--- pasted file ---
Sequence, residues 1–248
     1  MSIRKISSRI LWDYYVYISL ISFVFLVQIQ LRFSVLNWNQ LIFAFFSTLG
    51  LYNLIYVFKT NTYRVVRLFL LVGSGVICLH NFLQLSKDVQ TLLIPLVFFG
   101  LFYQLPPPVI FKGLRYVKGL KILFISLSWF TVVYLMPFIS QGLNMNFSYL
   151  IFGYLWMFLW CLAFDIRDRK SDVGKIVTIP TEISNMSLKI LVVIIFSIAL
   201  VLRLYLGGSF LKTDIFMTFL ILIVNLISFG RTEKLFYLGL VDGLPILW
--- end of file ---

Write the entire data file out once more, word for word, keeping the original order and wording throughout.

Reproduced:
Sequence, residues 1–248
     1  MSIRKISSRI LWDYYVYISL ISFVFLVQIQ LRFSVLNWNQ LIFAFFSTLG
    51  LYNLIYVFKT NTYRVVRLFL LVGSGVICLH NFLQLSKDVQ TLLIPLVFFG
   101  LFYQLPPPVI FKGLRYVKGL KILFISLSWF TVVYLMPFIS QGLNMNFSYL
   151  IFGYLWMFLW CLAFDIRDRK SDVGKIVTIP TEISNMSLKI LVVIIFSIAL
   201  VLRLYLGGSF LKTDIFMTFL ILIVNLISFG RTEKLFYLGL VDGLPILW